However, the CEO and board chair of the Natrona Collective Health Trust said in a July 5 letter to the Casper City Council the board and staff think the City Council should continue to support nonprofit organizations with one-cent dollars.
“Our recent analysis of the community’s needs found residents are struggling with mental and behavioral health issues, food insecurity, affordable housing, and childcare,” the letter stated. “The burden of addressing these issues falls heavily on our community nonprofits, who themselves are struggling with funding cuts due to the market downturn, rising costs due to inflation and employment, and increasing community needs as we recover from a global pandemic. Waitlists for services are often long due to the lack of financial support to expand services.”
“In order to move the needle on our community’s issues, these dedicated nonprofits must not only maintain their current funding sources, but they must also grow their funding. The City of Casper’s one-cent funding is a necessary lifeline for these organizations and the people they serve as it provides a predictable amount of multi-year support. The loss of that funding would be catastrophic to any progress these nonprofits have made and many of those costs would shift to city and county government to address needs unable to be met by nonprofits.”
In addition, the letter expressed concern that the city staff proposal did not involve engagement with the nonprofits that would be impacted before it was presented to the City Council.
“[W]hen drastic changes like this are proposed, those affected by those changes should be engaged in the decision-making process,” the letter stated.
A number of nonprofit leaders Oil City spoke with during a Zoom call on Wednesday expressed some frustration about being left in the dark about the staff proposal to eliminate the grant program.
Napier defended the choice not to tell nonprofits about the proposal before staff had the chance to present it to the City Council during the June 28 work session.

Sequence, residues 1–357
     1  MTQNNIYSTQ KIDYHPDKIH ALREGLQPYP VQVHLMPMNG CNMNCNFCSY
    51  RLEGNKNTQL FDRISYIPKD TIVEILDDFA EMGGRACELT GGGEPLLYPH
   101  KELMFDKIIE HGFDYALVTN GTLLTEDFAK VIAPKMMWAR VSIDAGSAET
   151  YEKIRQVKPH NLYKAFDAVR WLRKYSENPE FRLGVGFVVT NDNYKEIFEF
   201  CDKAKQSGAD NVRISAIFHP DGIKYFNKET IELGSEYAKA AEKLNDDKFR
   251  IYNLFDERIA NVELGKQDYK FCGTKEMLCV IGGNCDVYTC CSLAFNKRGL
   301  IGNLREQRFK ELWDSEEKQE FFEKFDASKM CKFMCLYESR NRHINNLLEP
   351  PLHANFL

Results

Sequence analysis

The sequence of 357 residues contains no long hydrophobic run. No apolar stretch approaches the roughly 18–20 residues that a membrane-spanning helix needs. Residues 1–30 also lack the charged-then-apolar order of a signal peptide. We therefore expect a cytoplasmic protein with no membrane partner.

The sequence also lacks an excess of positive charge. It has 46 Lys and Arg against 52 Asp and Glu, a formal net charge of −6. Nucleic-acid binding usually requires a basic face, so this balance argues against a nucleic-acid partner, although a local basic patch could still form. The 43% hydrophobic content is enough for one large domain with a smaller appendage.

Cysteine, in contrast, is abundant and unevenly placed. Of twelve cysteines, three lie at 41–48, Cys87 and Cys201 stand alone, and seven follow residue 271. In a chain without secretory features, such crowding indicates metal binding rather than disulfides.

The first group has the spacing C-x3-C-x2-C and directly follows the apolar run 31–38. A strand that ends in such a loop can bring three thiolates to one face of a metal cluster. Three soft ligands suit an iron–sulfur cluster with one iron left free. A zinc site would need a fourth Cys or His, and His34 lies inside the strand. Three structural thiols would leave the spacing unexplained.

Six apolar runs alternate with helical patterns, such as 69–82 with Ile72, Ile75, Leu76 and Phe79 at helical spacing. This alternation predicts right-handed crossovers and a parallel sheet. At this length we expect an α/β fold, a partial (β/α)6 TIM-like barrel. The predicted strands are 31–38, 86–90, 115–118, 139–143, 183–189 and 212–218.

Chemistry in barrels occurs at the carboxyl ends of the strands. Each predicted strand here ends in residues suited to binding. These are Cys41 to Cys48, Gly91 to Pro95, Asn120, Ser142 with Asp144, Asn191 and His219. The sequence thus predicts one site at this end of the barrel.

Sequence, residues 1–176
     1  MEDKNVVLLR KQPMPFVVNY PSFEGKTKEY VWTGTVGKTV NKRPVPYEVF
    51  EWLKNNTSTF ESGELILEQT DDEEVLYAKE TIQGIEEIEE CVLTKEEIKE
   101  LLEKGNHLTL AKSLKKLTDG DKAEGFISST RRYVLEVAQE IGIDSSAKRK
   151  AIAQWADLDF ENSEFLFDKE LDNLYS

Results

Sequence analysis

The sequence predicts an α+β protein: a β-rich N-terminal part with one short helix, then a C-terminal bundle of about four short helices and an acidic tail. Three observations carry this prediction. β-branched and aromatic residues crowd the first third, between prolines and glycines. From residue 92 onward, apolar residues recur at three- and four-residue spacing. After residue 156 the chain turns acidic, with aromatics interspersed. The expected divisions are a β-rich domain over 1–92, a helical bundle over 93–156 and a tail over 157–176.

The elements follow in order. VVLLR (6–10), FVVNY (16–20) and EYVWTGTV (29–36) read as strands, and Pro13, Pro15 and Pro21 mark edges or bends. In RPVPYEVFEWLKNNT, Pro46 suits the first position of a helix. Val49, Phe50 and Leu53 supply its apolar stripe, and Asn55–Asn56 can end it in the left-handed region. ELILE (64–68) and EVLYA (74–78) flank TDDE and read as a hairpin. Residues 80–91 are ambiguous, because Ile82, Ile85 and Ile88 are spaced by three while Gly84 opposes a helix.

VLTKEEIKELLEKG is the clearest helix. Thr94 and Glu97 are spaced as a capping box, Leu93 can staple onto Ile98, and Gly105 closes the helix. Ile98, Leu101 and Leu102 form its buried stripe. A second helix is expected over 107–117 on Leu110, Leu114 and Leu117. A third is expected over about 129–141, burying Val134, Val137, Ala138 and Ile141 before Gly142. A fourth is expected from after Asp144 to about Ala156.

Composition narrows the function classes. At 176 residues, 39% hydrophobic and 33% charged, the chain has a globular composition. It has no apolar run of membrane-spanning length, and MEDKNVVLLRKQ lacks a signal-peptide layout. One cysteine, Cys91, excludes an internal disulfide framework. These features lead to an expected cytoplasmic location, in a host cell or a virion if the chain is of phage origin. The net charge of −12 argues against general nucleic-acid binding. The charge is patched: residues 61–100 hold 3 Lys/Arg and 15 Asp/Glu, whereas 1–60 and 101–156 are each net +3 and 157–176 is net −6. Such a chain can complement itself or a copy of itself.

“I don’t have any ill will towards any of the nonprofits,” he said during the Wednesday interview with reporters at City Hall. “I think they all provide a really, really good service.”
“But in the same token, I’m not going to load the council up with a bunch of haters because I’m gonna call them up and say, ‘Hey, you’re not being funded. You should come to council and make your position known.'”
The City Council could still modify staff’s proposal to include more support for nonprofits and there was some indication from members like Vice Mayor Steve Freel during the June 5 meeting there is some appetite for that to happen. Mayor Ray Pacheco, on the other hand, will not participate in the one-cent discussion relating to nonprofits after he said city staff advised him to recuse himself from the discussion doue to his work with the GEAR UP program at Casper College.
Whatever happens with one-cent allocations, the situation of needs exceeding available money is likely to repeat unless there are some changes to state law. While one-cent has received a lot of attention, there is another item on the ballot this November Napier has said would help improve the city’s ability to fund and care for infrastructure maintenance.
Voters will be asked to consider an amendment to the Wyoming Constitution to allow local governments to invest money in equities. The state itself is already able to invest in equities, and if Casper were able to do so, it would be a big benefit to setting up funds to deal with things like long-term infrastructure maintenance, Napier recently told the City Council.
That full ballot measure reads as follows, according to Ballotpedia:
The Wyoming Constitution allows the state to invest state funds in equities such as the stock of corporations, but does not allow the funds of counties, cities and other political subdivisions to be invested in equities. The adoption of this amendment would allow the funds of counties, cities and other political subdivisions to be invested in equities to the extent and in the manner the legislature may allow by law. Any law authorizing the investment of specified political subdivision funds in equities would require a two-thirds vote of both houses of the legislature. Ballotpedia